Ryan Wilson used the SABRE project to base his discussion on treatment performance assessment (PA). According to Ryan, PA is about asking questions: Is the treatment working? Why or why not? Is risk reduced? When can treatment stop? Are processes sustainable? Is sufficient mass reduced? What do trends indicate? How can we optimize treatment? How reliable are estimates?
Ryan looked at the use of long screened wells and multilevel well transects at the SABRE site, and what information each monitoring approach provided for answering the above questions.
Two conventional long screened monitoring wells were placed down gradient of each other. The chemical concentrations found the in groundwater was different in each well, which was an indication they were not on the same flow path. The wells did provide some insight on the biogeochemical processes involved in the remediation and did indicate temporal trends, but the quantitative data had a lot of uncertainty associated.
Two multilevel transects were used on site, one in the source zone and the other in the plume zone. The multilevel transects showed the spatial distribution of the contamination. They were also used to make estimates of mass discharge and uncertainty. Instead of using a uniform velocity for the entire site, hydraulic conductivities measured at each multilevel port were combined with point concentration measurements to give mass discharge estimates with reduced uncertainty.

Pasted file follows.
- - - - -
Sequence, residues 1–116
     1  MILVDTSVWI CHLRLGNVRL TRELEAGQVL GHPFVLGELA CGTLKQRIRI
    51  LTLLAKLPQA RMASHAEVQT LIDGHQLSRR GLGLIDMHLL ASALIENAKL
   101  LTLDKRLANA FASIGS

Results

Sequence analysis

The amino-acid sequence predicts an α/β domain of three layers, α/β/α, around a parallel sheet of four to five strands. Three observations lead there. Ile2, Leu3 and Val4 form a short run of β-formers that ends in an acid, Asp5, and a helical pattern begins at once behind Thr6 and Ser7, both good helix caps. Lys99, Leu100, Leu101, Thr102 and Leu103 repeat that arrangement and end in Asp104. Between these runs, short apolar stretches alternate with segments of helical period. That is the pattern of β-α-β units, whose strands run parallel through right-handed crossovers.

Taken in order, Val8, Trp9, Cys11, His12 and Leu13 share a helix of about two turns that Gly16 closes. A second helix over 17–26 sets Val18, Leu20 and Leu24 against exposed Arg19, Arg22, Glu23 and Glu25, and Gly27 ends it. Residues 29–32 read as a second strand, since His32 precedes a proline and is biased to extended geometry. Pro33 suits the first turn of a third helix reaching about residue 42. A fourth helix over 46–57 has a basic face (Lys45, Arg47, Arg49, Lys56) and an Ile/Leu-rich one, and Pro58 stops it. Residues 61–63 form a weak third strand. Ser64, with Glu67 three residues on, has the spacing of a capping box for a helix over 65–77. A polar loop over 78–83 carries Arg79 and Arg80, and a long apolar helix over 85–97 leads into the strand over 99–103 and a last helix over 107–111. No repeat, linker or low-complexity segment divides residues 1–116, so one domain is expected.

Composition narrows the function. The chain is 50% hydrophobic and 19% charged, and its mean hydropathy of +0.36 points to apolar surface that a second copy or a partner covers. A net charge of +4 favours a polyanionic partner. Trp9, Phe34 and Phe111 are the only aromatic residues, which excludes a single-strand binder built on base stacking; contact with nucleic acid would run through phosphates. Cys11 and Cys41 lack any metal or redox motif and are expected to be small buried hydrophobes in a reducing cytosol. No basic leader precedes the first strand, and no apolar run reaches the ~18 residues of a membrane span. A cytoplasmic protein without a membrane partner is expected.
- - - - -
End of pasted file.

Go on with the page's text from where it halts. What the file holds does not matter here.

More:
Ryan stressed, that an accurate performance assessment requires multiple lines of evidence including qualitative, semi-quantitative, and quantitative. Using both conventional monitoring and multilevel well samplers provides the data needed to assess and manage remediation projects, and reduce uncertainty in estimates of the remediation progress.
ABOUT THE SPEAKER – Ryan Wilson, Ph.D.
Dr. Wilson has 18 years of groundwater contamination assessment and remediation experience, primarily as an academic investigator. He received his MSc and PhD from the University of Waterloo (Earth Science), and recently joined AMEC after an 8-year stay at the University of Sheffield, UK. His research has focused primarily on field investigations of the fate, transport and remediation of petroleum hydrocarbons and chlorinated solvents. Recent research interests include coal tar behaviour and recovery, controls on LNAPL wetting phenomena, biodegradation of high concentration organics, and application of char PRBs for treatment of metals. Research highlights include the first demonstration of direct DNAPL detection using partitioning tracers, one of the earliest demonstrations of MTBE biodegradation by indigenous bacteria, and is a co-inventor of the Waterloo Emitter(tm). He has over 50 publications, including 20 in peer-reviewed journals.